Isaac, Senior Consultant – as our ‘facilitator extraordinaire’, Isaac has a metaphor, case study, quote, or book reference for any situation an entrepreneur is facing.

Mine is The War of Art by Steven Pressfield.

A lot of my favourite authors said that this was their favourite book, and they weren’t kidding – it’s a gem.  This book will make you uncomfortable in a good way, and teaches you how to get difficult things done.  When people start to lose momentum in their startup, this is the book I buy them.

 

 

Carlo, Senior Consultant – with a varied history in human resources and operations, Carlo is equal parts passion and profession, and he works closely and genuinely with our partners.

My favourite reading resource at the moment is the Stanford Social Innovation Review – an incredible magazine and blog rather, than a book.  Given my masters, I tend to struggle to sit down with a book at the moment, and so the SSIR is my go to source for cross-sector solutions to global problems and an inspiring world view of the social impact ecosystem.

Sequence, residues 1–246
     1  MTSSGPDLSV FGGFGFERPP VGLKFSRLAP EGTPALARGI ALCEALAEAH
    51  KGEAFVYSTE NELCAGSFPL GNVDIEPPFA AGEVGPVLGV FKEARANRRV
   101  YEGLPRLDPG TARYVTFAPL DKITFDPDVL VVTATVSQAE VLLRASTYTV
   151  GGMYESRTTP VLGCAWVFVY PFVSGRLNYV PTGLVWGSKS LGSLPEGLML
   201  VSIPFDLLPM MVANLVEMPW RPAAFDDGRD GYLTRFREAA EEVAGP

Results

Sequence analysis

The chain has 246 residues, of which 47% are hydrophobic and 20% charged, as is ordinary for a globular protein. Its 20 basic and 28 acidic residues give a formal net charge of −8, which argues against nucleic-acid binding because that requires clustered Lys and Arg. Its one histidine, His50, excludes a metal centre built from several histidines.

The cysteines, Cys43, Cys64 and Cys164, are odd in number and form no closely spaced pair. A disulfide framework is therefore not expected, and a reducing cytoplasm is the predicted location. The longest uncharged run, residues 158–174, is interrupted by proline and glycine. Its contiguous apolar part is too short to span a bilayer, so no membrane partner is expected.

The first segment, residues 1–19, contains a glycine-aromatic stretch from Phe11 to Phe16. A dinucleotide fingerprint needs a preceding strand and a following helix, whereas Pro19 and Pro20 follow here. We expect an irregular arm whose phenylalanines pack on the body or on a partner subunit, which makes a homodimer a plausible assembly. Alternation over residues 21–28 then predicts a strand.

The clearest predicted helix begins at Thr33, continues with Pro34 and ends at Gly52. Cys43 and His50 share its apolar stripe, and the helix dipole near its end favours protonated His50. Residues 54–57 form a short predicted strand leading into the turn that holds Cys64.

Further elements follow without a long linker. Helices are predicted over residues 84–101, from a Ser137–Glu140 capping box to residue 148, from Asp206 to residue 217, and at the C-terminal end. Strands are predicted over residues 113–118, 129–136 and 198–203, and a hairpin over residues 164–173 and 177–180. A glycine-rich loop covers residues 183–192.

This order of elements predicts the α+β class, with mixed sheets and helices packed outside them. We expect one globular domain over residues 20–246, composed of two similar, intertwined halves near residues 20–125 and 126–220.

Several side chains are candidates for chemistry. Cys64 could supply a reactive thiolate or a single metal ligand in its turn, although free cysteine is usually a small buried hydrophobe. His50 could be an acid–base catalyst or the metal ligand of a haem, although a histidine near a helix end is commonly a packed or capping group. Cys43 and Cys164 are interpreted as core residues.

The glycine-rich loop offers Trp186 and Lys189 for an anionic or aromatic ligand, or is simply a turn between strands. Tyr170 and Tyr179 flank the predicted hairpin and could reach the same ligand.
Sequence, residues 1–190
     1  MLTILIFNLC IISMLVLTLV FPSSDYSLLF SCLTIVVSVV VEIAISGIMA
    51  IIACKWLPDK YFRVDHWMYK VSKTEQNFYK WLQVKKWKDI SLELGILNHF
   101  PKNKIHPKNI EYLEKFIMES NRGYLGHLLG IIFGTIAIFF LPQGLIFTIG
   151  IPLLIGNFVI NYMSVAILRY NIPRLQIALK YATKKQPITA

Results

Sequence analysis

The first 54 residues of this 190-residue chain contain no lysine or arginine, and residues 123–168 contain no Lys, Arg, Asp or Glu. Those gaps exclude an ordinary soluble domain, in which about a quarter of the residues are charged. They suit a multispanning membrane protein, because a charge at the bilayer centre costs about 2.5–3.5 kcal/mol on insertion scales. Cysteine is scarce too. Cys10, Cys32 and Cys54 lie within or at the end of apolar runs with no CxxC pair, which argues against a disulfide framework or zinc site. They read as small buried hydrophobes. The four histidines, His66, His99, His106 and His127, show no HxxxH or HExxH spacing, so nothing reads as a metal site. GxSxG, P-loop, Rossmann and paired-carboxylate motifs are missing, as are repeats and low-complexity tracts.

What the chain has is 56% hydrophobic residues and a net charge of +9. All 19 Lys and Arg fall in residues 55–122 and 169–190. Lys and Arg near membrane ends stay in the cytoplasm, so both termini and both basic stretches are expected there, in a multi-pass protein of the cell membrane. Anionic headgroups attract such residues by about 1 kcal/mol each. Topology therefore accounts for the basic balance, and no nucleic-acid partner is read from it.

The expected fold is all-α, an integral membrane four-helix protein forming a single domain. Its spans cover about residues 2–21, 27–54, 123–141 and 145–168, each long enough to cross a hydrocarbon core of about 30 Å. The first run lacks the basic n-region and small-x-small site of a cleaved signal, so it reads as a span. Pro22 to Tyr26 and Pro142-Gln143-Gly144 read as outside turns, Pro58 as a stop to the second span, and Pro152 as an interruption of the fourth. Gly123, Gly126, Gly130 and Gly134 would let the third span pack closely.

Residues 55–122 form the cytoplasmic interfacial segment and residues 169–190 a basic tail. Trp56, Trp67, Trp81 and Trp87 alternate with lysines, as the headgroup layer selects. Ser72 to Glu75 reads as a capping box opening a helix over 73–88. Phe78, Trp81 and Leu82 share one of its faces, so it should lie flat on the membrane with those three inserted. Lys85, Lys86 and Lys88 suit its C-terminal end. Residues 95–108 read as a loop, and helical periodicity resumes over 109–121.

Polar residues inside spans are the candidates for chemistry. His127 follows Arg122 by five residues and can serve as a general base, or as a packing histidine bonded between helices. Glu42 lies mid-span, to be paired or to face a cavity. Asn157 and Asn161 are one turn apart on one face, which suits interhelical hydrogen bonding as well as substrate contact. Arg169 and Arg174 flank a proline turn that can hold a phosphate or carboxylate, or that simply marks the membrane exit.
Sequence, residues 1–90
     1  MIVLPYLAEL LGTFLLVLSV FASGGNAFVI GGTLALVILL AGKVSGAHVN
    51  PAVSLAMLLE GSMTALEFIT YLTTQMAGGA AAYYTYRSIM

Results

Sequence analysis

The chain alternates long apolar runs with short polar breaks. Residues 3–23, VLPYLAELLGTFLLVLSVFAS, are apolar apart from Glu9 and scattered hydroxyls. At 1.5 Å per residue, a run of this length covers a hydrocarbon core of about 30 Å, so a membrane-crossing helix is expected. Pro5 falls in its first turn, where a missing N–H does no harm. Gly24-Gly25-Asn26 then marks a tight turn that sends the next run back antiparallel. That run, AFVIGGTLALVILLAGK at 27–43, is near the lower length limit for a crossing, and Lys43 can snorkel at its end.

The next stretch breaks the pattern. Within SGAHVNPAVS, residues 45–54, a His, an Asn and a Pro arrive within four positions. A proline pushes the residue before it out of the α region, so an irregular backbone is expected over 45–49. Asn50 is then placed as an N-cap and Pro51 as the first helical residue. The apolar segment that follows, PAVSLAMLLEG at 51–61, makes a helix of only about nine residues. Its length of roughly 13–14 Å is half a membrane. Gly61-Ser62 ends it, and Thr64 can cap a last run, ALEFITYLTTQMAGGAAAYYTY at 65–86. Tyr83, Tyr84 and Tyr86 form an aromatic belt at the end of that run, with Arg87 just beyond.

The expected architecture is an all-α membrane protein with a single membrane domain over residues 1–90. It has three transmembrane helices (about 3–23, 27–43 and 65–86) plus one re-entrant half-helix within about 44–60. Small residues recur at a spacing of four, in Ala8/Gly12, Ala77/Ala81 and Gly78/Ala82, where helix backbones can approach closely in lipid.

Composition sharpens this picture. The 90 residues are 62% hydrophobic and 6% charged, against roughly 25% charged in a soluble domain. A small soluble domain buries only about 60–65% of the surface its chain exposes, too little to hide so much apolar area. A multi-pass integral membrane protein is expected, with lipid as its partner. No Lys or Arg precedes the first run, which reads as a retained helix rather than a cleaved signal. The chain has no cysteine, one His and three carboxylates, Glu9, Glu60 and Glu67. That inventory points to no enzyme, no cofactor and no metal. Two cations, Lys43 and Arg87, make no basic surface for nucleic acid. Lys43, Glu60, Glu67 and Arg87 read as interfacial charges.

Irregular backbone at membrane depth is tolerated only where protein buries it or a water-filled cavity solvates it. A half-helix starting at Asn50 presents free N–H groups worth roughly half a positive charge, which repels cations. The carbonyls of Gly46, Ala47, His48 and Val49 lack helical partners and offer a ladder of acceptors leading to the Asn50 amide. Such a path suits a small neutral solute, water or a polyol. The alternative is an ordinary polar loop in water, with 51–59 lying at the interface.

At TDi we make a conscious decision to see the strengths in systems rather than focusing on the deficiencies and viewing them as challenges or problems. We refer to this as an assets approach. What some people might see as ‘problems’ we view as opportunities to design more creatively and innovatively.

This latest article from SSIR is a wonderful example of why this approach is so powerful for our international and local work:  https://ssir.org/articles/entry/cocreating_with_the_base_of_the_pyramid#

 

Shannon, Platforms Manager – the whole world could be collapsing, and Shannon would keep her cool, which is why she keeps the TDi ship running tight.